# When will they meet?

1. Jun 2, 2010

### Passionflower

In the Schwarzschild solution consider two test point particles, p1 and p2, both at the same distance from the black hole (e.g. both particles have the same r value) but separated a distance d from each other (so they make an angle with respect to the black hole)

So now the question: when will their paths cross? At the event horizon or at the singularity?

If you say at the singularity then what is their distance in terms of d when they both cross the event horizon?

2. Jun 2, 2010

### George Jones

Staff Emeritus
You haven't been specific enough. Are the particles falling radially? Falling initially from rest (with respect to Schwarzschild coordinates)? Falling form rest at infinity?

Distance is tricky and ambiguous in general relativity. What does "separated a distance d from each other" mean?

3. Jun 2, 2010

### Passionflower

Yes they are falling radially, you can take any condition you like: falling from rest at infinity (problem then would be how to define any notion of distance between them) or initially falling from rest. In other words the two particles are exactly equivalent (the Schwarzschild solution is symmetrical after all). With regards to d, you are free to choose. I understand that talking about distance is tricky. However one could perhaps envision the definition of a function (valid for the Schwarzschild solution) that translates a given d at the initial position to a d at the event horizon. Alternatively you can express the situation with an angle or if everything else fails just pick some coordinate distance that you prefer. Also consider the extreme case, two test particles opposite to each other with the black hole exactly in the middle (this one could in principle be expressed in terms of 'falling from rest at infinity' using symmetry).

However if it is not possible to express any kind of distance then the question becomes: how can you prove they do not meet at the event horizon.

Last edited: Jun 2, 2010
4. Jun 2, 2010

### Ich

If you mean the distance as measured along an angular direction (i.e. a long a line of constant r), then it's simply the constant angle between the particles times the Schwarzschild radius r.
In case you're referring to Antoci: r=2m at the horizon, not 0.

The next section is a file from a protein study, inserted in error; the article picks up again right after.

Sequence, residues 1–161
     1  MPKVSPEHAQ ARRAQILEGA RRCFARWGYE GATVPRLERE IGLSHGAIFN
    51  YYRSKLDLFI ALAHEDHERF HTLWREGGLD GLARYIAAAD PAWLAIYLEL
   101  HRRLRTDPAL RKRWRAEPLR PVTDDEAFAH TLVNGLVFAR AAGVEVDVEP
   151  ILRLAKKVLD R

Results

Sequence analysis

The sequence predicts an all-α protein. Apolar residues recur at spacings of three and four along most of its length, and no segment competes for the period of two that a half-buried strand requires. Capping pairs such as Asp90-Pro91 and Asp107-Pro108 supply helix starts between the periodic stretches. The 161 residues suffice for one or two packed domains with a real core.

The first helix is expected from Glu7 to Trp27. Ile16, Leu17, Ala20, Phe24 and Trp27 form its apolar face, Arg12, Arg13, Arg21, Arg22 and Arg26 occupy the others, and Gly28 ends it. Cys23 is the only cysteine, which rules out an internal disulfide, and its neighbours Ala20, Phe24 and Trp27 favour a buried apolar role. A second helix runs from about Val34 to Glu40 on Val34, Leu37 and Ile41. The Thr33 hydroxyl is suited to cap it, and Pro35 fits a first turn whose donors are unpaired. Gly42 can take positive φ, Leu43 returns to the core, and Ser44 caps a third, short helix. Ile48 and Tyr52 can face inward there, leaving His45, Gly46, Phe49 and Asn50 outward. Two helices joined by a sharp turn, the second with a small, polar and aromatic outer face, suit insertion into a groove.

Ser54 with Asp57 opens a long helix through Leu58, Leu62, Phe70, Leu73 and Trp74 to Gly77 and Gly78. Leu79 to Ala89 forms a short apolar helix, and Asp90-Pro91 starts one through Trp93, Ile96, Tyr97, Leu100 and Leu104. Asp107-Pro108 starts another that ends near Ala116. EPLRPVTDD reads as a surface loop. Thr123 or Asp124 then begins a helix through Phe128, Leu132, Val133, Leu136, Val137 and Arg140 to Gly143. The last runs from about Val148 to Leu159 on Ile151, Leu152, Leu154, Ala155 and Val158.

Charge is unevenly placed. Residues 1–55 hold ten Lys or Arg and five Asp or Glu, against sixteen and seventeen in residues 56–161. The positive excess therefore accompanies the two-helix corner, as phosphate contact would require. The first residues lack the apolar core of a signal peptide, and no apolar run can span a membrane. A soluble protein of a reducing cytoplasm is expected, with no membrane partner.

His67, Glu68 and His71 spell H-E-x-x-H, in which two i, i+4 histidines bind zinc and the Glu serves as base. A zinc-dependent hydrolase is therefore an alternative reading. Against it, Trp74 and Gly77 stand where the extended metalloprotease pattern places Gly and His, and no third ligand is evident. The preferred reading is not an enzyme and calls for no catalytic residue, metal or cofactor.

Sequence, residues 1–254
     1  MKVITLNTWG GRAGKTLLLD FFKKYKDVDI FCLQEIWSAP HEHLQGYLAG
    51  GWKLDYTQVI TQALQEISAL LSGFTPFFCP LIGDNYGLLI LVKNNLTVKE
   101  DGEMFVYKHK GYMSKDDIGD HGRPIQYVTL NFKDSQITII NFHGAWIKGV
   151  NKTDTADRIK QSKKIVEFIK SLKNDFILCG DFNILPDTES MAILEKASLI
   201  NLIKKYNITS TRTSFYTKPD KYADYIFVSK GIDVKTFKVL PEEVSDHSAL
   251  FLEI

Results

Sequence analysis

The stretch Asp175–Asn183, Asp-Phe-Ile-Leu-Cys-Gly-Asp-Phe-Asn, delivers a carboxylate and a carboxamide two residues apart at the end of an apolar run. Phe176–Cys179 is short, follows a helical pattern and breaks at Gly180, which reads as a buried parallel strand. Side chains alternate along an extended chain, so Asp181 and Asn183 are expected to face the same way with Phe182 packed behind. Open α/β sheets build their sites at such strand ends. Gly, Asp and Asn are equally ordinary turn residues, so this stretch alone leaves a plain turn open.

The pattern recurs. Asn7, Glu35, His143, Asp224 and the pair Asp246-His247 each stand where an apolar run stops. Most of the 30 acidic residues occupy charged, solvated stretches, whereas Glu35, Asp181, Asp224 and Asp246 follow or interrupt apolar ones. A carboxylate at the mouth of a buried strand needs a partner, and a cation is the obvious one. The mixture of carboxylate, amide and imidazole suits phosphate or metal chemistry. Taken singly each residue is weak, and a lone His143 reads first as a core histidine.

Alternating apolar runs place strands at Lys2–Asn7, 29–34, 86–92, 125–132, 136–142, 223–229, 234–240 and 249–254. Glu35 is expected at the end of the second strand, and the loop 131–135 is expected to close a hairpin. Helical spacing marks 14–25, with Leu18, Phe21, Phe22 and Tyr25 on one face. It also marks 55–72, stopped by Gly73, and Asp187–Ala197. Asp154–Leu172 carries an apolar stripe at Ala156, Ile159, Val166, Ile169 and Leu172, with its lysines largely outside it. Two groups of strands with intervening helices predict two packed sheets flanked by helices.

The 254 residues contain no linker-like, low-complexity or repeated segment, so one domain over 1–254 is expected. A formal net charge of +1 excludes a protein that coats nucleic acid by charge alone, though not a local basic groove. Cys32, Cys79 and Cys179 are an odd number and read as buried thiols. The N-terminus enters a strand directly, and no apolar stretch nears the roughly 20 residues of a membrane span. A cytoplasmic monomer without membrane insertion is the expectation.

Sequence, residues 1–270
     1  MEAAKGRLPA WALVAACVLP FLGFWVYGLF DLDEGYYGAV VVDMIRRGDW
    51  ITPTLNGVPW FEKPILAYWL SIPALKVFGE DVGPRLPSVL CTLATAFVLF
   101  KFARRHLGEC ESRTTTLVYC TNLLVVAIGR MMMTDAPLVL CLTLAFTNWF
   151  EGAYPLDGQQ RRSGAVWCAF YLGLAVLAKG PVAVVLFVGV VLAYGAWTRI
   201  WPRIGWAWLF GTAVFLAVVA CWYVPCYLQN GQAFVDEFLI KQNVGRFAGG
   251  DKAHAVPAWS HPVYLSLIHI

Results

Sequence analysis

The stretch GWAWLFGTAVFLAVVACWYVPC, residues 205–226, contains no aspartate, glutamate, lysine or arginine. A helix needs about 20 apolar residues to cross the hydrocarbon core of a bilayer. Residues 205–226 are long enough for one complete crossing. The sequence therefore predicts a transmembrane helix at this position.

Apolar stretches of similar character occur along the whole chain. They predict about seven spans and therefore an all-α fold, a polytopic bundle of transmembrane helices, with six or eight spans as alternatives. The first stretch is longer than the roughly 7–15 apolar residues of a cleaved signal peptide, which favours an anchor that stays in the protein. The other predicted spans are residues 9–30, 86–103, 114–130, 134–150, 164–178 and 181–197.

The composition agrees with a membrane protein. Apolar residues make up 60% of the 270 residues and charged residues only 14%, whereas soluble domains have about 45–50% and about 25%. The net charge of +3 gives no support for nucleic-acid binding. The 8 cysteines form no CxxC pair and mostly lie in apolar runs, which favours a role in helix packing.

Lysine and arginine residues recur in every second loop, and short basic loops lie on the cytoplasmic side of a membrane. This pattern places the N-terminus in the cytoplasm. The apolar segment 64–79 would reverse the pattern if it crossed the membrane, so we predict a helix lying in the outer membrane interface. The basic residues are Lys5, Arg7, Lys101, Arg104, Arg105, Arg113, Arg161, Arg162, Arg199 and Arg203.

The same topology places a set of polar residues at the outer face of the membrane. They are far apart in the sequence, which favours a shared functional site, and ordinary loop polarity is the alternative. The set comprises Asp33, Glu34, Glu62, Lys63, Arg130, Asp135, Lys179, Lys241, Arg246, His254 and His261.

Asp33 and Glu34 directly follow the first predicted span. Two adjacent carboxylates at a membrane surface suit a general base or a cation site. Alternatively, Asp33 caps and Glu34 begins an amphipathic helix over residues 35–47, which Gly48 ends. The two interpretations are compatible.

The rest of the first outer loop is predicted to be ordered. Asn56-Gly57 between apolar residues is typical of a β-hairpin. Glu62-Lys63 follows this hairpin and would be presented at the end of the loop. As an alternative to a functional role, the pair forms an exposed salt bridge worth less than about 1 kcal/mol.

5. Jun 2, 2010

### DrGreg

One way of looking at this is not to try to draw a "straight line" between the two points, but instead to consider the arc length of the circle that they both lie on (centred on the black hole). If the two points are close together (i.e. d is tiny compared with the radius), that's a good approximation anyway.

Choose your coordinate system so that both points are on the "equator" $\theta = \pi / 2$. The circumferential distance between the points is just $r (\phi_2 - \phi_1)$ and both particles move along worldlines of constant $\phi$ and $\theta$. So the circumferential distance in the limit as they approach the event horizon is just $r_s (\phi_2 - \phi_1)$ where $r_s$ is the Schwarzschild radius.

Oops, Ich beat me to it!

6. Jun 2, 2010

### George Jones

Staff Emeritus
If any event P is on the worldlines of both particles, then they meet. If there is no event P common to both worldlines, they never meet. If event P is on the worldlines of both particles, and event P is on the event horizon, then they meet on the event horizon.

Schwarzschild coordinates are really two disjoint coordinate patches, and neither patch covers the event horizon. Another coordinate patch that does cover the event horizon should be used to determine if particles meet on the event horizon.

7. Jun 2, 2010

### DrGreg

Just had a thought. The picture of Flamm's paraboloid seems to indicate that as you approach the event horizon (where the paraboloid becomes vertical), the circumference really is the geodesic distance (using the Schwarzschild coordinates to decompose spacetime into space+time).

8. Jun 2, 2010

### Passionflower

So you are saying they meet on the event horizon?

No problem, you could use any chart for the Schwarzschild metric that is suitable (provided of course there are no "voodoo" mathematical translations).

9. Jun 2, 2010

### George Jones

Staff Emeritus
If I understand the initial conditions correctly, I say that the particles do not meet on the event horizon.
What translations to you consider to be'"voodoo" mathematical translations'?

10. Jun 2, 2010

### Passionflower

I did not have anything particular in mind when I wrote that.

11. Jun 2, 2010

### Staff: Mentor

Then they do not meet until the singularity.

12. Jun 2, 2010

### Geigerclick

Can that really be inferred, at any point past the event horizon? To my mind, anything that occurs beyond the EH is "who knows". Perhaps they never meet?

13. Jun 2, 2010

### Staff: Mentor

The event horizon is a coordinate singularity only and can easily be removed through suitable choice of coordinates. So to solve this problem you would simply pick some such coordinate system that is well-behaved everywhere except the singularity.

14. Jun 2, 2010

### JesseM

There would certainly be a well-defined theoretical answer given by general relativity. Are you asking about the possibility that GR might give inaccurate predictions in this scenario?

15. Jun 2, 2010

### Geigerclick

This is what I was getting at, but as DaleSpam pointed out that doesn't really apply here, so I will bow out. :)

16. Jun 3, 2010

### JesseM

Well, DaleSpam's comment was just about the fact that there's no problem deriving the answer theoretically in general relativity, he wasn't addressing the possibility that GR might be wrong one way or another.